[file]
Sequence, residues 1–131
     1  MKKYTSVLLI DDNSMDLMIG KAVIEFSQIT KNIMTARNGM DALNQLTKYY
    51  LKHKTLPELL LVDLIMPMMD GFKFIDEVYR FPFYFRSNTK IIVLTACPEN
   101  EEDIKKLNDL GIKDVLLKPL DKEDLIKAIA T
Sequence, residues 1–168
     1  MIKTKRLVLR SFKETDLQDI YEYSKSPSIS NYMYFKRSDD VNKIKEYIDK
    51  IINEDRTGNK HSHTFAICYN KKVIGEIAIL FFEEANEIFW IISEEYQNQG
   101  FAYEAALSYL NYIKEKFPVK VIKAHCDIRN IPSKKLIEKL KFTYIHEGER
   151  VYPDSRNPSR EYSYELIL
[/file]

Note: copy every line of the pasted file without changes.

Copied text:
Sequence, residues 1–131
     1  MKKYTSVLLI DDNSMDLMIG KAVIEFSQIT KNIMTARNGM DALNQLTKYY
    51  LKHKTLPELL LVDLIMPMMD GFKFIDEVYR FPFYFRSNTK IIVLTACPEN
   101  EEDIKKLNDL GIKDVLLKPL DKEDLIKAIA T
Sequence, residues 1–168
     1  MIKTKRLVLR SFKETDLQDI YEYSKSPSIS NYMYFKRSDD VNKIKEYIDK
    51  IINEDRTGNK HSHTFAICYN KKVIGEIAIL FFEEANEIFW IISEEYQNQG
   101  FAYEAALSYL NYIKEKFPVK VIKAHCDIRN IPSKKLIEKL KFTYIHEGER
   151  VYPDSRNPSR EYSYELIL